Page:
The Friends subscriptions are now due. Please send a £5 cheque payable to The Friends of Raleigh Park to the Membership Secretary at 20 Raleigh Park Road Oxford OX2 9AZ or contact Stephen Parkinson (Chairman) 01865 724525 or David Brown (Secretary) email@example.com or transfer to 20-65-18 a/c 93057402 with reference your e-mail.
Prof Riki Therivel gave a fascinating talk in March 2016 on woodland management describing her work in turning a 10 acre field on Hinksey Hill into a woodlot and a wildflower meadow.
In September 2015 the noted local historian Malcolm Graham gave a well researched and very interesting presentation on the history of the Oxford water supply.
Previously Gerald Dawe gave a presentation on the botanical and other environmental changes in Raleigh Park since his survey in 1996.
The objectives of the Friends of Raleigh Park are to protect, conserve and enhance the Park, which is a Local Wildlife Site, for the benefit of the community.
Raleigh Park is located in the village of North Hinksey near Oxford and contains lightly managed fields with three ponds linked by a stream, very unusual alkaline bog areas, trees, grasses, marestail, stately marsh thistle and wild flowers. Ridges from medieval strip farming are visible parallel to Westminster Way. Buzzards, red kytes, roe deer, muntjac deer and foxes are frequent visitors while badgers, moles, song birds, rabbits and other rodents are resident.
We have not been able to arrange a Boxing Day Walk this year.
Willows overgrowing a pond have been thinned, vegetation overgrowing the stream removed, a waterfall rebuilt and removal of Himalayan Balsam from boggy areas, parrot's feather from the pond and new bramble growth over paths is ongoing. Yellow Rattle wild flower seeds have been collected and sown in late autumn to weaken the coarse grasses.
Cattle are now grazing the Park for the summer. They were there to reduce the rank grass and nettles and encourage the development of wild flowers. If left uncut the brambly thorny growth and trees will increase and the park will become entirely scrubby woodland.
When cattle are present give them a wide berth. It is advisable to keep dogs well under control and preferably out of sight of the cattle particularly towards dusk as they become frisky before bedding down for the night. If there are any issues please let me know firstname.lastname@example.org and the farmer may be contacted on 07887 701 011.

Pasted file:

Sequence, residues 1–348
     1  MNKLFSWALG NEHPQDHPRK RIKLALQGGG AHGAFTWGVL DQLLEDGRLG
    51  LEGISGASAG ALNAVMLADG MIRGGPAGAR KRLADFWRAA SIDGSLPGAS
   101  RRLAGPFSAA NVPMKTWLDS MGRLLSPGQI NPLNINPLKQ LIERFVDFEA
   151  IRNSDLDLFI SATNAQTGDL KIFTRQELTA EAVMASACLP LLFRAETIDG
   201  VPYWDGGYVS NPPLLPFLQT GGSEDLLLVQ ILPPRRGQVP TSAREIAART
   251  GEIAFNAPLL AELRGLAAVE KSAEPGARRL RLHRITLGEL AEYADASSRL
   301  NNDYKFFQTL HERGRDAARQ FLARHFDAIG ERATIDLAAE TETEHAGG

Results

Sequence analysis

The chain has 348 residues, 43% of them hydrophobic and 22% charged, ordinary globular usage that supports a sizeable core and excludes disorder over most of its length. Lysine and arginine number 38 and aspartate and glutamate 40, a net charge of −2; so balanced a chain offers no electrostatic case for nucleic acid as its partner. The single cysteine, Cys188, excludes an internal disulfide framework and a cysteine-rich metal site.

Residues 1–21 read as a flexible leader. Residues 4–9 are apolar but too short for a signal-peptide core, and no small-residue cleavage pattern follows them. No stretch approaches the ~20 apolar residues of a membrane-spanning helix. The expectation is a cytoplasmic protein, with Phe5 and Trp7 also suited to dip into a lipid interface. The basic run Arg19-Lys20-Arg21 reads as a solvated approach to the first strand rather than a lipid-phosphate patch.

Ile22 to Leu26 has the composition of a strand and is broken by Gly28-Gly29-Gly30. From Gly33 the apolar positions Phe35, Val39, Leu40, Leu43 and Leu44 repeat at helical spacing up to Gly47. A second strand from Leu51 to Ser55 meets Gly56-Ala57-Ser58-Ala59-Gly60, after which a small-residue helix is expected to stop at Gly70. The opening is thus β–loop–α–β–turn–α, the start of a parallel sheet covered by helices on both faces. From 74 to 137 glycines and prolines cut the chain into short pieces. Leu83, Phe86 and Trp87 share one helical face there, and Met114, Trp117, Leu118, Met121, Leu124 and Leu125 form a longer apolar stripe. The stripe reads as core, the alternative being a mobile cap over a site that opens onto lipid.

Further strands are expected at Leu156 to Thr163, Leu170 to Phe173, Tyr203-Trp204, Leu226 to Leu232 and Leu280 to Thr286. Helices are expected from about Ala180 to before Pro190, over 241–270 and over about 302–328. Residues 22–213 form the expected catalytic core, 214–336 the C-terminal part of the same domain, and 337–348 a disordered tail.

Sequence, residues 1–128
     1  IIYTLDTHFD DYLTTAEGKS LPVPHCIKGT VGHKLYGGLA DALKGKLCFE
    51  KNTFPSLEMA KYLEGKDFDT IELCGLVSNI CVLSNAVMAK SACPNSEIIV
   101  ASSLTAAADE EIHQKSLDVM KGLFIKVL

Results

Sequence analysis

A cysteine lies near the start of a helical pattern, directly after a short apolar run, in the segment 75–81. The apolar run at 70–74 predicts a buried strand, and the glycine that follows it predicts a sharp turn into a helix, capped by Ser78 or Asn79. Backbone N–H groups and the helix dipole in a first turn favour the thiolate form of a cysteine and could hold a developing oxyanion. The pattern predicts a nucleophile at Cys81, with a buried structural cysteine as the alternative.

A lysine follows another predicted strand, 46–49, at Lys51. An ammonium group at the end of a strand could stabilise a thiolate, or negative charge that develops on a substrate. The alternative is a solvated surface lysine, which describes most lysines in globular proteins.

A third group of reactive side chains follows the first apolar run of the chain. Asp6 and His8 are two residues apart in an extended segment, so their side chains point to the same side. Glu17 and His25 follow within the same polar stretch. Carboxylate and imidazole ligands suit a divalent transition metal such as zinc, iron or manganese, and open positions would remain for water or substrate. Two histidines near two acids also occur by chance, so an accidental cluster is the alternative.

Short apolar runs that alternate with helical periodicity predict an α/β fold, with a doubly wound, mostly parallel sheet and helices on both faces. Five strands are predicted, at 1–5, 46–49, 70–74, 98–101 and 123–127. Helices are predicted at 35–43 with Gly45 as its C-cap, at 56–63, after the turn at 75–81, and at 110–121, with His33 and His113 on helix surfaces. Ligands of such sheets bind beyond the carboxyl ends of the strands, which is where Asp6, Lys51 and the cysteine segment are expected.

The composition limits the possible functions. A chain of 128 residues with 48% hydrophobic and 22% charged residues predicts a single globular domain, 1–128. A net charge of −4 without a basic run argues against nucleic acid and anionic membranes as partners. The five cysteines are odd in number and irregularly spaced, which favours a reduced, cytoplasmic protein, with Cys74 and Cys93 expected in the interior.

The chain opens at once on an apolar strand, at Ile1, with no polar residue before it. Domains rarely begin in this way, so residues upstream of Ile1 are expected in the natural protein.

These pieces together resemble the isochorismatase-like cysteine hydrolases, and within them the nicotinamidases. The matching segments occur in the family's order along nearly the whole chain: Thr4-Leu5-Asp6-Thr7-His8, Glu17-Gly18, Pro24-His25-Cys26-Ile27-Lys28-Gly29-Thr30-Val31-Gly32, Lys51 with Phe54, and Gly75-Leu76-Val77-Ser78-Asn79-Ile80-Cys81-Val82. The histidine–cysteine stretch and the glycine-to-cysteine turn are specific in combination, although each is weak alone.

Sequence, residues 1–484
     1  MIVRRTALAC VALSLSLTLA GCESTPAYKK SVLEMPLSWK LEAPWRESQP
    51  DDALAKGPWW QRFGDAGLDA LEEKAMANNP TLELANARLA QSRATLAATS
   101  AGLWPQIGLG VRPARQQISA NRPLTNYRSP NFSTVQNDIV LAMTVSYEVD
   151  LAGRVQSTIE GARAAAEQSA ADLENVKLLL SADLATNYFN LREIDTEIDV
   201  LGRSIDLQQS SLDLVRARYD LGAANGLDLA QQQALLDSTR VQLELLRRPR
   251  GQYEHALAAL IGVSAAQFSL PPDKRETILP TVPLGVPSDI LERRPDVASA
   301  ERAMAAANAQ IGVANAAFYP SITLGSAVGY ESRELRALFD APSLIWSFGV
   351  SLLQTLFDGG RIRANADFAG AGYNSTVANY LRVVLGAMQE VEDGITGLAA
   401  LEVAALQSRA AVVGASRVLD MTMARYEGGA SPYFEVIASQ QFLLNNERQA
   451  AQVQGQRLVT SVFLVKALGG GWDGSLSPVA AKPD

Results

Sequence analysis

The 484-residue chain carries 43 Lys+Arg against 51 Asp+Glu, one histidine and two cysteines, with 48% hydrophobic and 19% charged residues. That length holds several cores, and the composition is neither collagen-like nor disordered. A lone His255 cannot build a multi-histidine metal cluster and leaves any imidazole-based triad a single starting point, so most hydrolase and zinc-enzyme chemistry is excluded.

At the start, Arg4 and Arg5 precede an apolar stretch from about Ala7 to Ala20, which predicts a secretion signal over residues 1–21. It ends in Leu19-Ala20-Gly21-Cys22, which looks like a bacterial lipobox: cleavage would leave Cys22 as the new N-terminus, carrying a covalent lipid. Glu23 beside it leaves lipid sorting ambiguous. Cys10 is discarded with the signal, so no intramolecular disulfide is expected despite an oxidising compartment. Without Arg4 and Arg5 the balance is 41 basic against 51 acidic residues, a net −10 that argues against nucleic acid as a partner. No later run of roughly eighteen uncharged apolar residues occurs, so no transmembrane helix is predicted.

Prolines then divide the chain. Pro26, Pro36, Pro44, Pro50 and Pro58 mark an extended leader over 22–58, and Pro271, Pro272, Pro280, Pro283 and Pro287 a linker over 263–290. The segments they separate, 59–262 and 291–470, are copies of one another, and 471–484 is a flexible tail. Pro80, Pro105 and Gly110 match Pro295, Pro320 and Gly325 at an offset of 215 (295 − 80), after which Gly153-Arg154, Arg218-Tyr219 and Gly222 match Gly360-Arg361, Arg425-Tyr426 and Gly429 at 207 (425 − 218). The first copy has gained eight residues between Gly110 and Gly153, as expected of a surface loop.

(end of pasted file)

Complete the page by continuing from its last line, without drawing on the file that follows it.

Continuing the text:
There is what is believed to be the remains of the Roman road towards the ford which gives Oxford its name from the direction of Besselsleigh running parallel to the current road up Harcourt Hill. The outline of the raised metalled section with a ditch each side is clearly evident under the turf in winter or when the grass has been cut.
There is a small oblelisk near the pond. The sun is shining revealing the date 1753 in the picture and placing plasticine in the depressions reveals more of the inscription, probably "the Conduit". Conduit House (marked Well House) had been constructed over a spring to supply Oxford with water in 1615-17 and is within a kilometer of the obelisk (marked Stones on the OS map). The obelisk presumably marked the location of an extension to a channel or vaulted gully diverting a spring to Conduit House.
A cutting and embankment constructed to smooth the slope of a track linking Harcourt Hill to the track between North Hinksey and Yarnells Hill is not shown on the 1938 map and it's construction has covered this channel on the obelisk side or the embankment. The track may have been made to enable digging plant to access the stream when the pond was dug out.
A curved depression leading towards Conduit House visible on the other side of the embankment from the obelisk supports this interpretation of the writing on the obelisk. There is a small standing stone in the hedge around 50m away which might have been another marker.25 Oct 2012